Monitor - ISSN 1472-0221
The Newsletter for Data Acquisition and Control
Issue 275 October 2021
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When a building is old, and sometimes if its use changes, then its concrete beams will need strengthening. This can be done by retro-fitting steel plates and post-tensioned metal straps (PTMS).
Iranian researchers are investigating how using PTMS affects the concrete's resistance to cracks and shearing. They developed a new configuration that can be applied to any beam, and used Windmill software to test it.
To measure the strain inside the concrete, straps and the reinforcing steel bars, they used two diferent types of strain gauges in their experiments, along with load cells and LVDTs (Linear Variable Differential Transformers). (
They applied the first one, which was 30 mm long, to the steel bars and metal straps.
The second type was 80 mm long and this they used on the concrete.
A data logger aquired all the data from the load cells, strain gauges and the LVDT (Linear Variable Differential Transformer) whilst Windmill software linked the data logger to the computer. The data logger had 9 channels for strain gauges, 4 channels for LVDTs and 2 channels for load cells.
The researchers found that their method of strengthening using PTMS increasd ductility of the beams, meaning that instead of suddenly shearing they would undergo deformations without failing, making the building much safer.
Abdullah W, Rafiq SK (2021) Experimental Work on Shear Strengthening of Beams Using Post-Tensioned Metal Straps Wrapped Around Steel Plates Anchored to Normal Steel-Reinforced Concrete Beams. Iranian Journal of Science and Technology, Transactions of Civil Engineering
I have been reading your newsletters and using ComDebug for several years but the Logging software looks really useful. Is it possible to download this software? Thank you for your help!
Yes. Monitor subscribers can download Logger and the other Windmill programs for free. Just email [email protected] for your copy.
Spotting killer fruit and veg
Pesticides in fruit and vegetables kill 11,000 people every year and unintentionally poison 385 million worldwide. Monitoring these foods for microscopic chemicals and harmful bacteria can take days of sending small batches off to laboratories for testing and analysis. But now, a new detector is being developed to spot minute traces of these poisonous elements with photonics to give a result in minutes.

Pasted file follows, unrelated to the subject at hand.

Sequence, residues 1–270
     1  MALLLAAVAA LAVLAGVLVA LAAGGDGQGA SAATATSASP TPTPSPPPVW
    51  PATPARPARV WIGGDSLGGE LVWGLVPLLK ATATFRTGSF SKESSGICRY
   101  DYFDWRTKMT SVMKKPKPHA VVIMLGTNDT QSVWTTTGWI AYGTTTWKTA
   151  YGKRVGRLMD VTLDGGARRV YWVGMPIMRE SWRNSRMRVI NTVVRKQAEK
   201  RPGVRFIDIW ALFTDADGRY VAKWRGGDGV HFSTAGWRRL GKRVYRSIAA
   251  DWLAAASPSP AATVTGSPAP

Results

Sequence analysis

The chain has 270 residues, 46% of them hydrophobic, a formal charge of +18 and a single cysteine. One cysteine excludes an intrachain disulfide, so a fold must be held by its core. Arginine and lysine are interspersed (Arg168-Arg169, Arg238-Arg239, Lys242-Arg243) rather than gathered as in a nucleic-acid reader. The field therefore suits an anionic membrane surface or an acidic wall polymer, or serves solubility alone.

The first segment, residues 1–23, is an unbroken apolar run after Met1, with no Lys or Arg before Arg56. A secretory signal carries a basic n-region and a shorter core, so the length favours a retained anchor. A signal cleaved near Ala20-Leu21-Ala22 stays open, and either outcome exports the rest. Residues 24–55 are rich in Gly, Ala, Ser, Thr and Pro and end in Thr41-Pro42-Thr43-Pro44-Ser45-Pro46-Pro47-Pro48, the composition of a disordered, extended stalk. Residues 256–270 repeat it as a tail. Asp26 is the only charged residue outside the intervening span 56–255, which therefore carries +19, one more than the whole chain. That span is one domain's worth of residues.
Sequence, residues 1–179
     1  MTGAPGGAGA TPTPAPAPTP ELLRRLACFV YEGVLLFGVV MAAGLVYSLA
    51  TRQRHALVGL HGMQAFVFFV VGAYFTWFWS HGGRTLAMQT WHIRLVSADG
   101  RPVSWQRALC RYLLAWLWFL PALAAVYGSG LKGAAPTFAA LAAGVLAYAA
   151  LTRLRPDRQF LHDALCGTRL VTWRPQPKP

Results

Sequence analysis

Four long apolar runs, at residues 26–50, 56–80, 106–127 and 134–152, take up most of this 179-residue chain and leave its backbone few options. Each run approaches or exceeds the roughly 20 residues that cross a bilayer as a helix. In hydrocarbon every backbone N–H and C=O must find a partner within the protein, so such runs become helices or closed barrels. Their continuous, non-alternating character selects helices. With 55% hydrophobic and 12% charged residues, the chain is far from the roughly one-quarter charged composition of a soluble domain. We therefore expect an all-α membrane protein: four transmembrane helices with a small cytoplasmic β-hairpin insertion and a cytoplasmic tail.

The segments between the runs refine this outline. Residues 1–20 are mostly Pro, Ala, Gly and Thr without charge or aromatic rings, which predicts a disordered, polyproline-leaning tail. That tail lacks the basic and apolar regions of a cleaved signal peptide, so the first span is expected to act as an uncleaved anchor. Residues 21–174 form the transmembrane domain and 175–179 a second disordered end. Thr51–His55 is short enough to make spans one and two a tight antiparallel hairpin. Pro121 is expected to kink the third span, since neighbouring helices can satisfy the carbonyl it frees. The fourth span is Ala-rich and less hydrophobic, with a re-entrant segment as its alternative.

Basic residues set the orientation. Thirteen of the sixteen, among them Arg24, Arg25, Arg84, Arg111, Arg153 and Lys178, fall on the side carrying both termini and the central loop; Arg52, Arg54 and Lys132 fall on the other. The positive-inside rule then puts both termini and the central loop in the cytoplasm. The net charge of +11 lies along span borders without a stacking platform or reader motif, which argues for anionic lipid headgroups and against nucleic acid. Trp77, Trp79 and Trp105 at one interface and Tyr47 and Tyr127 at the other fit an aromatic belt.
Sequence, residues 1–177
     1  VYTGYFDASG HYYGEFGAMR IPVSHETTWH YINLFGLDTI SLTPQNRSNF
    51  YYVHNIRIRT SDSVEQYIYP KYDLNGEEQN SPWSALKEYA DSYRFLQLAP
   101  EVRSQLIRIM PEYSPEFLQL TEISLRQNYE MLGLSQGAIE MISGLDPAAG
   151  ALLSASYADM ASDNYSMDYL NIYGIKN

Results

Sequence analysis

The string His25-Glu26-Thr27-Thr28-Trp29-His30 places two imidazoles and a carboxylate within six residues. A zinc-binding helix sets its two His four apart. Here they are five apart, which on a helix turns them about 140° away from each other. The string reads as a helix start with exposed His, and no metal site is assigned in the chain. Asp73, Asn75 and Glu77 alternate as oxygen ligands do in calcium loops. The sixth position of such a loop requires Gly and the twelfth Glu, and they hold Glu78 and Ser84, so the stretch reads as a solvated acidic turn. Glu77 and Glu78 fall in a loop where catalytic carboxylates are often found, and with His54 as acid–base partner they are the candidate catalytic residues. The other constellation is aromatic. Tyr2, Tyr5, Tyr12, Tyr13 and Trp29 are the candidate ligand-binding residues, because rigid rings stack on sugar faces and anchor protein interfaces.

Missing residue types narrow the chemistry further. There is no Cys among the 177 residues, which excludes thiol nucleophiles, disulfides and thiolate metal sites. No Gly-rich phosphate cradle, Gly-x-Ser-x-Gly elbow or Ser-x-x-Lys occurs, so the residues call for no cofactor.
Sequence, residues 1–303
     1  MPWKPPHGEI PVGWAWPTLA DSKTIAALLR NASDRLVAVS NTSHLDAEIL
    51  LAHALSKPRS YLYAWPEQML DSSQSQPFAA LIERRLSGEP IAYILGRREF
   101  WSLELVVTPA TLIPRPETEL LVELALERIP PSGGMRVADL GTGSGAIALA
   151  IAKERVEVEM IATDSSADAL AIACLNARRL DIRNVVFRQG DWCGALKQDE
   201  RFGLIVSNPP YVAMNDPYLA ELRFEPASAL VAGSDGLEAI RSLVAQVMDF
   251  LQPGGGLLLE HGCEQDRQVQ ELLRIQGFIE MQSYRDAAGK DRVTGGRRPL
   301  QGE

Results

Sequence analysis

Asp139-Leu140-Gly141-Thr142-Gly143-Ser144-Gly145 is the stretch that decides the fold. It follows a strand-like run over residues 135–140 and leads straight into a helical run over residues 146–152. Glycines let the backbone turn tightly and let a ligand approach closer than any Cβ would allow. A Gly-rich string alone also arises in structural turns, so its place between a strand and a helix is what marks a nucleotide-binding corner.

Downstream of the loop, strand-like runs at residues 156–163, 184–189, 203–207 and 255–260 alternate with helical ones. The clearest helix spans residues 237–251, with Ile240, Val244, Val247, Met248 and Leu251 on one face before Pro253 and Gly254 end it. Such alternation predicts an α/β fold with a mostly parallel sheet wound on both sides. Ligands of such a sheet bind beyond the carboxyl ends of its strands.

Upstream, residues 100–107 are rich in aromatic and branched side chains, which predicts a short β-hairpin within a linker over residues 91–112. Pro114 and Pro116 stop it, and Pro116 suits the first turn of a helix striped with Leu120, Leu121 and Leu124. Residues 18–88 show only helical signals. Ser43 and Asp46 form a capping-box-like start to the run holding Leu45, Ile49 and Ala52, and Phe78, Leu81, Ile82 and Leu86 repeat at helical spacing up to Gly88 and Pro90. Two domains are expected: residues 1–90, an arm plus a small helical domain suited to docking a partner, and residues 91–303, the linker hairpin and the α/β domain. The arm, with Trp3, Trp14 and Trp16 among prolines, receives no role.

Novel sensor detects gas molecules
Innovative ethanol sensor combines a graphene transistor with a customized metal-organic coating. It represents the prototype of an entirely new class of sensors.
Source: University of Texas Arlington
Monolayer strain sensor sets new record
A new atomically-thick strain sensor is 100 times more sensitive than commercial devices and 10 times more sensitive than alternative versions based on graphene.
Source: Physics World
Tiny sensor inspired by wind-born seeds monitors environment
A winged microchip is the smallest-ever human-made flying structure. The size of a grain of sand, dispersed microfliers could monitor air pollution, airborne disease and environmental contamination
Source: Northwestern University
Simplified sensor measures tilt angle and direction with liquid
Conventional tilt sensors consist of sub-sensors to measure acceleration and angular rate against the vibrations of the host object like an aeroplane. Breakthrough liquid sensor simplifies everything.
Source: Eureka Alert